Background: Atrial fibrillation in the elderly is common and potentially life threatening. The classical sign of atrial fibrillation is an irregularly irregular pulse.
Objective: The objective of this research was to determine the accuracy of pulse palpation to detect atrial fibrillation.
Methods: We searched Medline, EMBASE, and the reference lists of review articles for studies that compared pulse palpation with the electrocardiogram (ECG) diagnosis of atrial fibrillation. Two reviewers independently assessed the search results to determine the eligibility of studies, extracted data, and assessed the quality of the studies.
Results: We identified 3 studies (2385 patients) that compared pulse palpation with ECG. The estimated sensitivity of pulse palpation ranged from 91% to 100%, while specificity ranged from 70% to 77%. Pooled sensitivity was 94% (95% confidence interval [CI], 84%-97%) and pooled specificity was 72% (95% CI, 69%-75%). The pooled positive likelihood ratio was 3.39, while the pooled negative likelihood ratio was 0.10.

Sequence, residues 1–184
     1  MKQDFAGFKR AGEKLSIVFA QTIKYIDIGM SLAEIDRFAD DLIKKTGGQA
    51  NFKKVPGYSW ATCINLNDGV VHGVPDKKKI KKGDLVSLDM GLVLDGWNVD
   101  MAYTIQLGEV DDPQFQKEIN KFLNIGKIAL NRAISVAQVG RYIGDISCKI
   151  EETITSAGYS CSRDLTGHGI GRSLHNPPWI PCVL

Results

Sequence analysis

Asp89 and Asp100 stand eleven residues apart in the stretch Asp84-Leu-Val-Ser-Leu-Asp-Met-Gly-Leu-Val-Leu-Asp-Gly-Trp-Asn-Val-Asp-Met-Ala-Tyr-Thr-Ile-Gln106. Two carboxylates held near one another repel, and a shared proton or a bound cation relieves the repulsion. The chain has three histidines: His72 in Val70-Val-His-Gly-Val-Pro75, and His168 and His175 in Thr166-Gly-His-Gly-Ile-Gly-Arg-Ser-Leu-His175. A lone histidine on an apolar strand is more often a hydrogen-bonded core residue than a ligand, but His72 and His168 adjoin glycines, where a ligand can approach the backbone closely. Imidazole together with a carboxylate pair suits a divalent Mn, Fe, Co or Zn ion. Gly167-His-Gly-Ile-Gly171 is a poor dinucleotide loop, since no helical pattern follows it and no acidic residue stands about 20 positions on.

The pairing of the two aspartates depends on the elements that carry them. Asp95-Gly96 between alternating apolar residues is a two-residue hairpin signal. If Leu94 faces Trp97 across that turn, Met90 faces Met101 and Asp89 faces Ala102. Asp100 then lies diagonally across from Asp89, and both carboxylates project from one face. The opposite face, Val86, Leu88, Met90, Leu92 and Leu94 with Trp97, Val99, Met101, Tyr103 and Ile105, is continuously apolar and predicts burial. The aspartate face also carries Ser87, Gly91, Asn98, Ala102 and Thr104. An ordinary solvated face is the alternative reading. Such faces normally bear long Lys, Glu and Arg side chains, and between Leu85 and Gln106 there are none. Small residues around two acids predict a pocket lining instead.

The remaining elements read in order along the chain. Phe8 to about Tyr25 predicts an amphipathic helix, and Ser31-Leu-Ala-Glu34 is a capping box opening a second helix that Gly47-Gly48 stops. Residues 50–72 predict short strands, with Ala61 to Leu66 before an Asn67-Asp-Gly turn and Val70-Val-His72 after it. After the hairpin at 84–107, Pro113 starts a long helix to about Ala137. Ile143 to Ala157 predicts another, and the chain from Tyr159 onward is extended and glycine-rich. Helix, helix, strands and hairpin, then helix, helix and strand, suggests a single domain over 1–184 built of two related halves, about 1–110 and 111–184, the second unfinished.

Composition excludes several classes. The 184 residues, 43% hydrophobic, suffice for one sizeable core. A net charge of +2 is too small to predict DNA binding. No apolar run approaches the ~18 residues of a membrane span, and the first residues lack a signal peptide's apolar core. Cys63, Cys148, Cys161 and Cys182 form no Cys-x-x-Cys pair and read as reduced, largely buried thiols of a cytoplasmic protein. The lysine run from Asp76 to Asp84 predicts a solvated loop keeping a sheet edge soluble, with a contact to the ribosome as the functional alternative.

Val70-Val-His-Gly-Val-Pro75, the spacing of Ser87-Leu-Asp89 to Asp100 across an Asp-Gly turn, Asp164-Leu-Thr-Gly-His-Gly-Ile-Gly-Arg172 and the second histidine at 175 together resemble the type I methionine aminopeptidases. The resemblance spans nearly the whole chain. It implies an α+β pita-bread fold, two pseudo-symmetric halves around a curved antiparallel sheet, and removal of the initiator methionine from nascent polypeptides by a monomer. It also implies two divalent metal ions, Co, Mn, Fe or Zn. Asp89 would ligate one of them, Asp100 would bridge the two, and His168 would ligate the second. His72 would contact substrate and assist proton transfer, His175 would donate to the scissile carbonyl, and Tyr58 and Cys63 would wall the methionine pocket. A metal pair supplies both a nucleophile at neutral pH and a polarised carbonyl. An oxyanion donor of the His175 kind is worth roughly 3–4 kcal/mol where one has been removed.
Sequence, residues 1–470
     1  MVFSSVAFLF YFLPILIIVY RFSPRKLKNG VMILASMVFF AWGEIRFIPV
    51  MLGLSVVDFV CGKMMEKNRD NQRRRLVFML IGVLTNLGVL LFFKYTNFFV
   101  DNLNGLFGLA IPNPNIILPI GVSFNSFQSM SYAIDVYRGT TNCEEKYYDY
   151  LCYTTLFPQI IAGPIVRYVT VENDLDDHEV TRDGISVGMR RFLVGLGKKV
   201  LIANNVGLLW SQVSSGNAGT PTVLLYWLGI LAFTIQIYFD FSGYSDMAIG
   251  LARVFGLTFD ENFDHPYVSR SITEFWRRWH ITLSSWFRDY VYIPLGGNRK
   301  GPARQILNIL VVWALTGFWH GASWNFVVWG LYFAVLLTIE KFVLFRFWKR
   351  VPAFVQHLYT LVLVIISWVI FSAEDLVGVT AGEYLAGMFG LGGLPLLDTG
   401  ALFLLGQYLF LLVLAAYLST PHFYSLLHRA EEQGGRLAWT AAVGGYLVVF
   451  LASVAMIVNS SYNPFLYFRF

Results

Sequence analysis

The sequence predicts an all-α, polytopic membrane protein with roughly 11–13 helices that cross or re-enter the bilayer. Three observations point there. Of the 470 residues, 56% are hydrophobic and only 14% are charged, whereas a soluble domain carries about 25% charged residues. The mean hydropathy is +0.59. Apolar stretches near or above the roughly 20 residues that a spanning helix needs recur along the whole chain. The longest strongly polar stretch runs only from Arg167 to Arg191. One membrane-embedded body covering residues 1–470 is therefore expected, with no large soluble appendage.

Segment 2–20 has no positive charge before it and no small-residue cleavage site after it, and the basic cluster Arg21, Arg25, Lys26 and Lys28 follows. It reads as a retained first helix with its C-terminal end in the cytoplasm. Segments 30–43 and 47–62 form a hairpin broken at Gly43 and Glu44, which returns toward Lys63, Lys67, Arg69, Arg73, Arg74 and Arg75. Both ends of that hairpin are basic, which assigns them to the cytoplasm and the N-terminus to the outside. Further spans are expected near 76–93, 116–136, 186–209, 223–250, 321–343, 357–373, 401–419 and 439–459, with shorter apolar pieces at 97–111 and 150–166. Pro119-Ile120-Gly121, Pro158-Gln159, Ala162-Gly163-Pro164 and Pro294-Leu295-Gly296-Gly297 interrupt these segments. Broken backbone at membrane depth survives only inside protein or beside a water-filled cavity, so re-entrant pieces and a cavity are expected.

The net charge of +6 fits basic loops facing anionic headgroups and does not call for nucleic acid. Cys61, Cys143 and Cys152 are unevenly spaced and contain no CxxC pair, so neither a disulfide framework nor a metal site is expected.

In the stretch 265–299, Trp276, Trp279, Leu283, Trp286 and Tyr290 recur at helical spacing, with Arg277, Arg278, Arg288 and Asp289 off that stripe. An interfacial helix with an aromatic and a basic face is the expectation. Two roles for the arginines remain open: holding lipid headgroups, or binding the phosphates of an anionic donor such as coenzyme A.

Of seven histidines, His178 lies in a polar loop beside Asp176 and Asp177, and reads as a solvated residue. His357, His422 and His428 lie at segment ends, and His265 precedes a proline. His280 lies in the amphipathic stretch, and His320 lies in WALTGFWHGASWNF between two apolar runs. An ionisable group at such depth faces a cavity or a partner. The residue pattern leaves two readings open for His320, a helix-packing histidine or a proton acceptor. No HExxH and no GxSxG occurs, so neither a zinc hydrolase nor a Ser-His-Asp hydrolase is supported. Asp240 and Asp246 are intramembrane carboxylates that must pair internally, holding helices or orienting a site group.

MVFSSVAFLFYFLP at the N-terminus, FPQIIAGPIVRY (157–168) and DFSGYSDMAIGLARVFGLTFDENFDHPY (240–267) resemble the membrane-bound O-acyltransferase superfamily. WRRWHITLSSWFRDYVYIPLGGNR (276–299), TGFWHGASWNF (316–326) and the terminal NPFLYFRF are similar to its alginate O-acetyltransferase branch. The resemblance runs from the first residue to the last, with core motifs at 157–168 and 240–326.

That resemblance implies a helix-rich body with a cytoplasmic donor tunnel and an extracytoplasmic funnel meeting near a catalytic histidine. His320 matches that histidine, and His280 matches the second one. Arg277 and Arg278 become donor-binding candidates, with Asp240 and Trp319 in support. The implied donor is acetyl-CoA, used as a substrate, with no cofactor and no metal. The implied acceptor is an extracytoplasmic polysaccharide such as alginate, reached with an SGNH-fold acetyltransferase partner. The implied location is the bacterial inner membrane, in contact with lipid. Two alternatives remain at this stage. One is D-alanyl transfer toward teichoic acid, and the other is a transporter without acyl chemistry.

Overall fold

Conclusions: Pulse palpation has a high sensitivity but relatively low specificity for atrial fibrillation. It is therefore useful for ruling out atrial fibrillation. It may also be a useful screen to apply opportunistically for previously undetected atrial fibrillation. Assuming a prevalence of 3% for undetected atrial fibrillation in patients older than 65 years, and given the test's sensitivity and specificity, opportunistic pulse palpation in this age group would detect an irregular pulse in 30% of screened patients, requiring further testing with ECG. Among screened patients, 0.2% would have atrial fibrillation undetected with pulse palpation.